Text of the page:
Starting November 14, 350,000 carats of rough Congolese diamonds worth an estimated $6 million will go on tender in Antwerp, as the DRC and Antwerp take a first major step toward implementing a cooperation agreement signed in September to facilitate access for DRC miners to Antwerp’s transparent diamond market, and in particular its tender houses. The complete parcel will contain approximately 15% gem-quality goods and 85% industrial-grade diamonds, with closing bids on November 20.
The tender is being organized by trading company Samir Gems, headquartered in Antwerp, and will feature rough stones mined by Sacim (the Anhui-Congo Mining Investment Corporation) - a 50/50 joint venture between the Congolese State and Chinese investors. The tender will be held at the Antwerp Diamond Tender Facility located at the Antwerp World Diamond Centre, which is facilitating the tender. Bidding, which closes on November 20, will take place online via Lemon Technologies’ tender platform.
H.E. Félix-Antoine Tshisekedi, President of the Democratic Republic of the Congo (DRC), visited the Antwerp diamond industry last September in the context of a broader mission to improve the relationship between Belgium and the DRC and attract investment to his country. Since ascending to the presidency in January of this year, President Tshisekedi has made the revival of diamond mining in the Kasai region of the DRC, and ultimately the use of the country’s resources to the benefit of the people a top priority. While in Antwerp, he explained that he intends to focus his mining policy on greater transparency and compliance with international best practices.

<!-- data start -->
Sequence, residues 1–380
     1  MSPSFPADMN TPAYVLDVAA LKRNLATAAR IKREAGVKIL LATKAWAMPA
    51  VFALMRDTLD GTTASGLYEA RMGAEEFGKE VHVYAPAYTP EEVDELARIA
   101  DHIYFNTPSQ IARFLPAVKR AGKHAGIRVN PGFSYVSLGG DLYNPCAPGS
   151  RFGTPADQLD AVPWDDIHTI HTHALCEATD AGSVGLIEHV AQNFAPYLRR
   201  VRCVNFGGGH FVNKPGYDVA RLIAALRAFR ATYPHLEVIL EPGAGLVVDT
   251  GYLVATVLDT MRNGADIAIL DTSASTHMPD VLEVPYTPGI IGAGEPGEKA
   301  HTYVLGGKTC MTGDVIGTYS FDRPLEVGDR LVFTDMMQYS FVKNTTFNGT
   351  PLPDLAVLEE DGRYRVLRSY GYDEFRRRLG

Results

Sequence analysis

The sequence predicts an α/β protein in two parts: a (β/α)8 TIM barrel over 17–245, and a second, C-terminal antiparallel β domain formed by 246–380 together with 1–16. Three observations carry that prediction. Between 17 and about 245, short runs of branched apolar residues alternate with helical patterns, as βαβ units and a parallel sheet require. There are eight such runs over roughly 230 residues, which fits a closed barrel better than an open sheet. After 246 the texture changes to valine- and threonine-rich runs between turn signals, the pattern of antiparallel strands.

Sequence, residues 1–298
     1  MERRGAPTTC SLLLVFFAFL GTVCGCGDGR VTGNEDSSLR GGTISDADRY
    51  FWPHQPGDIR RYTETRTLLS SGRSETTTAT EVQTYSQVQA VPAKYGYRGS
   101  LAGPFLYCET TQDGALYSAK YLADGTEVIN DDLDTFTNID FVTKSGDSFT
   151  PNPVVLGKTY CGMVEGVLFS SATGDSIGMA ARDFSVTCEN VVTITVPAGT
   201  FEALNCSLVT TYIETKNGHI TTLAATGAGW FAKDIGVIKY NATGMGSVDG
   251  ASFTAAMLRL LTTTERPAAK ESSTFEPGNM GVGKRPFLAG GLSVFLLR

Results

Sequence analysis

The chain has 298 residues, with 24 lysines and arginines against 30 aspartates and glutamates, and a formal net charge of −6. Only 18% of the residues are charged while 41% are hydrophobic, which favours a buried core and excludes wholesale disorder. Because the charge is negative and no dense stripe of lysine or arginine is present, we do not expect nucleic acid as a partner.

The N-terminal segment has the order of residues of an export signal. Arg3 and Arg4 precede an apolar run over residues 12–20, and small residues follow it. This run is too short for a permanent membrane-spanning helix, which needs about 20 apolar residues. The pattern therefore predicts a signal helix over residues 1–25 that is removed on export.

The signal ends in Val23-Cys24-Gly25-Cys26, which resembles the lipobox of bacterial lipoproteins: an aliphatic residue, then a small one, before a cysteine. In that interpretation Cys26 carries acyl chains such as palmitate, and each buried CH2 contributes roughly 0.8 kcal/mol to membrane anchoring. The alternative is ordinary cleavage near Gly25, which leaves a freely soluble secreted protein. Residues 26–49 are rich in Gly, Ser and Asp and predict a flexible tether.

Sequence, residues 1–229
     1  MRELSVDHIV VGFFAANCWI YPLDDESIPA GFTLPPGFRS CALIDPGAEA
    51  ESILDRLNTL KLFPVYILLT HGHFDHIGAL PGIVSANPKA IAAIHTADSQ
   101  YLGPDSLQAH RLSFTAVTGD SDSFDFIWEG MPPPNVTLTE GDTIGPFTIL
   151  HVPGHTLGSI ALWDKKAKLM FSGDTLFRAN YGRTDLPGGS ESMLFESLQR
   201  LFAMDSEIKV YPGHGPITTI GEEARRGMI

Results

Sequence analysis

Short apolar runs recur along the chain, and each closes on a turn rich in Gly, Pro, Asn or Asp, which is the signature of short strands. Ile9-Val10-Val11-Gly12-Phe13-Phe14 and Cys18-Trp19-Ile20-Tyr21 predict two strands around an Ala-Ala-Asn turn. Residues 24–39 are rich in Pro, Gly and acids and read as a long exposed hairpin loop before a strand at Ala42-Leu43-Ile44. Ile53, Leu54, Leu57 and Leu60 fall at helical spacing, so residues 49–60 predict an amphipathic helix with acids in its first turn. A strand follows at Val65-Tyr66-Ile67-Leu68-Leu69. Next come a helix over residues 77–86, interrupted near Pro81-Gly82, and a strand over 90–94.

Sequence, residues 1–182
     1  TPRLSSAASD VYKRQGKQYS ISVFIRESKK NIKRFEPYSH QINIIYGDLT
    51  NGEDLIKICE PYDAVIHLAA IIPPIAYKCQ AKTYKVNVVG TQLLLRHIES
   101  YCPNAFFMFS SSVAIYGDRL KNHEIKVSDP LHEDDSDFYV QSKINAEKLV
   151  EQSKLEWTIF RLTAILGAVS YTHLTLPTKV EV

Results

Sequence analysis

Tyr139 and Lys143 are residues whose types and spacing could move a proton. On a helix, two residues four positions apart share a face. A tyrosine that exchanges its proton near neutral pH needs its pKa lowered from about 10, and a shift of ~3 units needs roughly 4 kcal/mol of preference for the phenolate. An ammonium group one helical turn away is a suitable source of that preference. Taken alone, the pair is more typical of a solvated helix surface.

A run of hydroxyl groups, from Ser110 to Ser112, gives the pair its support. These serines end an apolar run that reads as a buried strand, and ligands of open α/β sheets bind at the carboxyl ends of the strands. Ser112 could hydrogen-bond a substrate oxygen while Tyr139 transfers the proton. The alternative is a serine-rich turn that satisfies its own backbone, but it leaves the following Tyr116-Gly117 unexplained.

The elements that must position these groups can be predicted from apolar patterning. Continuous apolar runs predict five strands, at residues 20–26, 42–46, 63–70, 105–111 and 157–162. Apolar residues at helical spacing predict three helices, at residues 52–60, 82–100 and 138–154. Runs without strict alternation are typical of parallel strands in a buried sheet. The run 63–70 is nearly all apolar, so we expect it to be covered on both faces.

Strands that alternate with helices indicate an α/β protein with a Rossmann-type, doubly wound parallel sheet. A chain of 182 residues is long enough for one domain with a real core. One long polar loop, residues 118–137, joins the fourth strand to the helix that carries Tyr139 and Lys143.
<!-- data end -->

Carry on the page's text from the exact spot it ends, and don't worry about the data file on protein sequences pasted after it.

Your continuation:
It is this line of thinking that led the miner, Sacim, to choose Samir Gems to organize its first open tender in Antwerp. Anjal Bhansali, Managing Director of Samir Gems, told us, “We have been in Antwerp for generations and pride ourselves on the transparent way we conduct our business. That is why we obtained this tender.” He noted it has been several years since a DRC company has held a tender in Antwerp, but that his customers are accustomed to coming to Belgium and are “happy this one is coming to Antwerp.” He added that he “has confidence in a smooth tender, which will hopefully lead to future tenders in Antwerp.” Samir Gems anticipates anywhere from 100 to 200 clients to participate in the tender.
The Democratic Republic of the Congo is the world’s fourth largest rough-diamond producer in terms of volume and the 10th largest in terms of value. According to official statistics from the Kimberley Process, in 2018 the DRC had an output of 16.4 million carats valued at over $136 million, but the average price per carat the country receives for its diamonds has fallen considerably over the past fifteen years. In recent years, Antwerp’s direct imports of rough diamonds from the DRC has steadily declined, falling to 6.5 million carats worth $6.5 million in 2018.